Sep 14, 2017

Why Apple might plow $3 billion into Toshiba's chip business

Marcio Jose Sanchez / AP

Apple is close to investing upwards of $3 billion for a stake in Toshiba's chip business, per Bloomberg. That would be as much more than the company spent on its biggest-ever acquisition, Beats Electronics. But in many ways, this would be less surprising than that deal. Apple declined to comment.

  • While Apple doesn't generally do big acquisitions, securing component supply is an area where Apple is known for spending big. So, the notion that the company might be willing to invest $3 billion for a minority stake isn't actually so crazy.
  • Right now the company is highly dependent on Samsung, a key rival, for memory chips.
  • But: A Toshiba deal wouldn't end apple's reliance on Samsung. The Korean electronics giant also manufactures some of Apples other chips and is likely the main supplier of the OLED screen for the iPhone X.

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Trump to install loyalist Ric Grenell as acting intelligence chief

Photo: Sylvain Gaboury/Patrick McMullan via Getty Images

President Trump confirmed in a tweet Wednesday night that he will install Richard Grenell, the current U.S. ambassador to Germany and a staunch defender of the president, as the acting director of national intelligence.

Why it matters: The role, which was originally vacated by Dan Coats in August 2019, is one of grave responsibility. As acting DNI, Grenell will be charged with overseeing and integrating the U.S. intelligence community and will advise the president and the National Security Council on intelligence matters that concern national security.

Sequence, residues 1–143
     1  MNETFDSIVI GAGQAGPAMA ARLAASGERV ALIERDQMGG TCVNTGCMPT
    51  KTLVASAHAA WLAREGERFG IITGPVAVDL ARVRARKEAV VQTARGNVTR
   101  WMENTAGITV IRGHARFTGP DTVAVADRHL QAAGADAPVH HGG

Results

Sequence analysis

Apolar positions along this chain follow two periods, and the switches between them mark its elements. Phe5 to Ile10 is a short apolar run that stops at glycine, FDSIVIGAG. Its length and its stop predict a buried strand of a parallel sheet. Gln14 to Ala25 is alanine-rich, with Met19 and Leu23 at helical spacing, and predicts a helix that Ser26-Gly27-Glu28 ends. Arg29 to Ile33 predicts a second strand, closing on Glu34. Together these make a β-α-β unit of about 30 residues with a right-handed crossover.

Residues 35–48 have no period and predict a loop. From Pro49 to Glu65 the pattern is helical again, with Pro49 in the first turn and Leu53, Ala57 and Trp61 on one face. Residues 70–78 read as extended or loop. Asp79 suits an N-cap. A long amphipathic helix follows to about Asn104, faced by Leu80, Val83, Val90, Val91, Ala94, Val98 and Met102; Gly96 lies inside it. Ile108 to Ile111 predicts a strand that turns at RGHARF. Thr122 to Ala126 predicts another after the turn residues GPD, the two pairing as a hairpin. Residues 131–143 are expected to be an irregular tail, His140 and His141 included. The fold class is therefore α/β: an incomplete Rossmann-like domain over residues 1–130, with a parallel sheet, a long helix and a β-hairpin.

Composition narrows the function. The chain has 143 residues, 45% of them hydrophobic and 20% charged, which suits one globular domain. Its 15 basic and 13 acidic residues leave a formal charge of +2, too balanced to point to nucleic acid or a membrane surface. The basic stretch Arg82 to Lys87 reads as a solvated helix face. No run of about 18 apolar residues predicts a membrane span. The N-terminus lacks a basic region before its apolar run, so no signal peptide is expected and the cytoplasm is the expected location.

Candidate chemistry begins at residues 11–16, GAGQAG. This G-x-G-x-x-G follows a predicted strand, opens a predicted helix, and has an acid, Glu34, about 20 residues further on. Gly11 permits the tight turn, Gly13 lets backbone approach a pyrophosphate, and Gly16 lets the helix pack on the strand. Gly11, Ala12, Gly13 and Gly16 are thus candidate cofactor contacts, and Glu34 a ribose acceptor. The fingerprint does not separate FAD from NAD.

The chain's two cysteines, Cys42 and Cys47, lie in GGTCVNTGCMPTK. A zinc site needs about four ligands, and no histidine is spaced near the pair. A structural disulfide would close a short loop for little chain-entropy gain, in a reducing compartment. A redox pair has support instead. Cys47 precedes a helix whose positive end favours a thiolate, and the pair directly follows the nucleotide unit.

Go deeperArrowUpdated 6 mins ago - Politics & Policy

What to watch in the Nevada debate

Photo Illustration: Eniola Odetunde/Axios. Photos: Cengiz Yardages and Mario Tama/Getty Images

Michael Bloomberg's wealth will fuel rather than shield him from tests and attacks when he makes his Democratic primary debate debut on the stage tonight in Las Vegas.

The state of play: Bernie Sanders is still the front-runner. So the other candidates must weigh which of the two presents a bigger threat to their viability: Sanders, with his combined delegate, polling and grassroots momentum? Or Bloomberg, with his bottomless budget?

Go deeperArrowUpdated 12 mins ago - Politics & Policy

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